Lake Wylie residents may be paying Carolina Water Service for water, but they aren’t buying it.
“We’re a cash cow, and every time they need more money they come to us,” said Sabrina Anthony, who with husband Martin bought what they thought was their retirement home in Lake Wylie. Now, they might move because of the high cost of water.
“The problem isn’t that they ask for it. The problem is they get it,” she said about rate increases.
More than 50 residents turned out Monday night to question the company as it seeks to increase water and sewer rates.
“Every two years we go through this, just like clockwork,” resident Don Long said.
Carolina Water officials acknowledged that nobody likes rate increases, but they contend the hikes are needed to pay for system improvements already made. Carolina Water serves about 28,000 people in South Carolina, including more than 9,700 in York County, second only to its service totals in the Columbia area.
Robert Yanity with Carolina Water said residents aren’t wrong when they say increases seem scheduled. In a way, they are.
“That’s part of our model, to come in more regularly with relatively smaller increases, compared to coming in after maybe five years and doubling your rate,” Yanity said.
System-wide, Carolina Water is asking for increases of 15 to 18 percent for base water rates, 30 percent for the per gallon usage and 21 to 32 percent for sewer service. Rates vary some by location and usage type.
A decision from the South Carolina Public Service Commission should come in May.
York County has 33 smaller well systems served by Carolina Water, but most of its customers — largely in Lake Wylie — purchase water the company gets from York County, after York County buys it from the city of Rock Hill. Carolina Water said the typical bill in the Lake Wylie area for combined water and sewer is about $97 a month now.
The increase, if approved, would bring it to $125.
The company challenged the idea Yanity said they’ve heard before, that rates here are higher than anywhere else. He showed data with Carolina Water ranking above Rock Hill and below Clover, just a little higher than Fort Mill, for water costs. And sewer service rates are well below all three municipalities.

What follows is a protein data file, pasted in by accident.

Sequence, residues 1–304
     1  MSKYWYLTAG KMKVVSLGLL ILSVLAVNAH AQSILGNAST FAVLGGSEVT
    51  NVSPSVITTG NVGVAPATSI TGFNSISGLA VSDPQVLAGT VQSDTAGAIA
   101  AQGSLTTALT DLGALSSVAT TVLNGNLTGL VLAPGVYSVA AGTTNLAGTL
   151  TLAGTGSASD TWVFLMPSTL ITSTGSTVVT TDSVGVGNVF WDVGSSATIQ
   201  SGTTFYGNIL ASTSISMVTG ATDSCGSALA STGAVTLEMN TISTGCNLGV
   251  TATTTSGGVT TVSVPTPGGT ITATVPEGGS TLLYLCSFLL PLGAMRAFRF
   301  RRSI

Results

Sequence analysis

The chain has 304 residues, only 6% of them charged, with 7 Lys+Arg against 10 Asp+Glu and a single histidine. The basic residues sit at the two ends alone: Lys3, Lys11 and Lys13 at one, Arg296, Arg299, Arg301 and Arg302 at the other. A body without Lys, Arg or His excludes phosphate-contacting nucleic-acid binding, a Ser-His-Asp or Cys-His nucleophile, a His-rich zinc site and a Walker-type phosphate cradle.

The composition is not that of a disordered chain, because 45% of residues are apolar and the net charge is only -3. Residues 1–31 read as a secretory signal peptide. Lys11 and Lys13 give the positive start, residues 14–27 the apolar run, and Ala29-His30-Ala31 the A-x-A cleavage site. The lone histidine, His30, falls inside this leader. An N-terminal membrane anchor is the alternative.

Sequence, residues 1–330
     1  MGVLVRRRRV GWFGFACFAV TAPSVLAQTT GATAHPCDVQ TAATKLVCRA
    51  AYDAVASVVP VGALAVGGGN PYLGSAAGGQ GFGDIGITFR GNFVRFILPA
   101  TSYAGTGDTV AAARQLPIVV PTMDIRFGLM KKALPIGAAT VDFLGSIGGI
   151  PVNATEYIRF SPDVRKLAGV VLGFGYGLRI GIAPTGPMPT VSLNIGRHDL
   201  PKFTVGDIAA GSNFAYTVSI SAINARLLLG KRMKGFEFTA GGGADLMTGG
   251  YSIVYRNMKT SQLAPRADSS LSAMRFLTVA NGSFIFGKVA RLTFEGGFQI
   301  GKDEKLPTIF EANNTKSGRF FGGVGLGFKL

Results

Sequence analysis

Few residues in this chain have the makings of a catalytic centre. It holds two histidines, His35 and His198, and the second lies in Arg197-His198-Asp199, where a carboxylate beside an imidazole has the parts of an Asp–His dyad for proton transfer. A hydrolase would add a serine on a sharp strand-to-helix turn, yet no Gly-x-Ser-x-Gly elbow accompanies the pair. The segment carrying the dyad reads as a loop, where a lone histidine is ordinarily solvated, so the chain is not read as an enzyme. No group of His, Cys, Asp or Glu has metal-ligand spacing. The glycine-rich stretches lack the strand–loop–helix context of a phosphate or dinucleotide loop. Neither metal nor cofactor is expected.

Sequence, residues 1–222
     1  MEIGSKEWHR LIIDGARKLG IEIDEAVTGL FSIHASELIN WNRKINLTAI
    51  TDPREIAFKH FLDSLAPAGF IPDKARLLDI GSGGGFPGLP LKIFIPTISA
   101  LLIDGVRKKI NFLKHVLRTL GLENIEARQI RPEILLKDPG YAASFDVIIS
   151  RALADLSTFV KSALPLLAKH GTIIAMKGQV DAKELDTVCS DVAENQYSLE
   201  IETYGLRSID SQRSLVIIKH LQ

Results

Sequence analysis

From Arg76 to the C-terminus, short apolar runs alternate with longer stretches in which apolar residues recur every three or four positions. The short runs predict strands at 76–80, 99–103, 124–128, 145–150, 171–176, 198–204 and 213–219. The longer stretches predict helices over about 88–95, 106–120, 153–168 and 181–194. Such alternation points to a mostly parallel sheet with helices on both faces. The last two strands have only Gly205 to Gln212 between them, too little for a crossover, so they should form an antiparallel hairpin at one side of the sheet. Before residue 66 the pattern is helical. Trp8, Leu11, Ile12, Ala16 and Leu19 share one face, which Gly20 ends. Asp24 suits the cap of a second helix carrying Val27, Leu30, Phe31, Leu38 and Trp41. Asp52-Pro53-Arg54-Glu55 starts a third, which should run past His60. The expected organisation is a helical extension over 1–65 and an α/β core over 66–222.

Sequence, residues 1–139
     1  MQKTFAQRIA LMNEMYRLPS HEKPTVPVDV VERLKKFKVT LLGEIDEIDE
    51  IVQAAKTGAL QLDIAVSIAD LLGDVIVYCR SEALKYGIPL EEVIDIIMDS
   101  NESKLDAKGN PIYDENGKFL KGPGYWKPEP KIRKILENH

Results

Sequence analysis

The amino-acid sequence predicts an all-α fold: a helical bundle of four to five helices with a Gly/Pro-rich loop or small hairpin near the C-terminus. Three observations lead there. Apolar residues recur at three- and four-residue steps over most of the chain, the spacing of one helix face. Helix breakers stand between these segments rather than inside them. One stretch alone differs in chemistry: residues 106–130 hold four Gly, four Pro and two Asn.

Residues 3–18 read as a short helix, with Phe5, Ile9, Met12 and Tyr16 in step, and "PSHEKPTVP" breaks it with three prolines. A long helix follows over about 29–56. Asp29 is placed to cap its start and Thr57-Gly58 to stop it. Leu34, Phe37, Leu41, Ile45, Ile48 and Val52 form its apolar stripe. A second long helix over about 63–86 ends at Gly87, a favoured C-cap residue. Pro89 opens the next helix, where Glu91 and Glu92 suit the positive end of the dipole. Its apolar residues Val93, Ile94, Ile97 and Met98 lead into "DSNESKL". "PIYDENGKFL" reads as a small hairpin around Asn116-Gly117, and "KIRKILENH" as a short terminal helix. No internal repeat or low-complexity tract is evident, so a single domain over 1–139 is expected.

Residents balked at the comparison.
“You’re using out-of-town rates for every one of those municipalities,” Long said. “Those are significantly higher.”
Municipalities typically charge double their in-town rates to customers outside town or city limits who are on the municipal system. Long said it’s “not a fair comparison” showing the higher numbers compared to Carolina Water, while several other residents said they wouldn’t trust anything else the company had to say, accusing the utility of using “misleading” or “bogus” numbers.
Yanity said the rates presented are for out-of-town municipal rates, but the idea wasn’t to mislead anyone. There are people who pay those rates, he said, proving the point that Carolina Water isn’t the most expensive distributor as residents claim.
“There are other people who pay similar or higher rates,” Yanity said.
While price was a sticking point for many, it wasn’t the only concern residents brought Monday night.
“You want to increase (rates) by 20 to 30 percent and the water is not even drinkable?” Anthony said. “I don’t even want to wash in it, bathe in it, wash my clothes in it. It’s so disgusting.”
She mentioned what happened to some brand new towels.
“They were white,” Anthony said. “When we finished washing them, they were black. They had residue all over them. This water is not safe to drink, I don’t care what you say. It’s not safe.”
Water suppliers have to flush their systems at least once a year. Carolina Water leaders say they do routine water testing and haven’t found it to be unsafe. Residents weren’t hearing it.
“You can’t drink that,” Anthony said. “It smells like bleach. I don’t know how anyone drinks that water. It’s horrible.”
Ellie Ackerman has family visit for the holidays. There are 11 in all, adults and children.
“The first thing I have to tell them when they come into the house is, don’t drink the water,” Ackerman said.
Another resident brought a jar of water he said came from his tap Monday, calling it “pretty nasty what you expect us to drink.”
Other residents said they are “being killed by water rates,” that the company has a “complete monopoly, a license to make money” and that increases are “unjustifiable.” Some have had to put whole home filtration systems in on their own dime. Others argue they shouldn’t have to pay $60 for water when they aren’t even home to use any in a given month.
Carolina Water leaders brought information on taxes paid in South Carolina, on the $11 million system-wide improvements the past few years and, of that total, the $175,000 spent in York County converting a dry pit to a more modern system. They talked return on investment, and the 65 pump stations in the Lake Wylie area that could cost $15,000 each to replace as reason why statewide accounting and spending benefits the system.
Residents just wanted to know why they can’t feel safe drinking water from their own home, and how it should cost more when they haven’t seen improvements from past rate hikes.
“So don’t come up with your highfalutin slide show when this community has been putting money in your pockets, for you to stand here in your big suits, with your high-class stuff,” said resident Katherine King.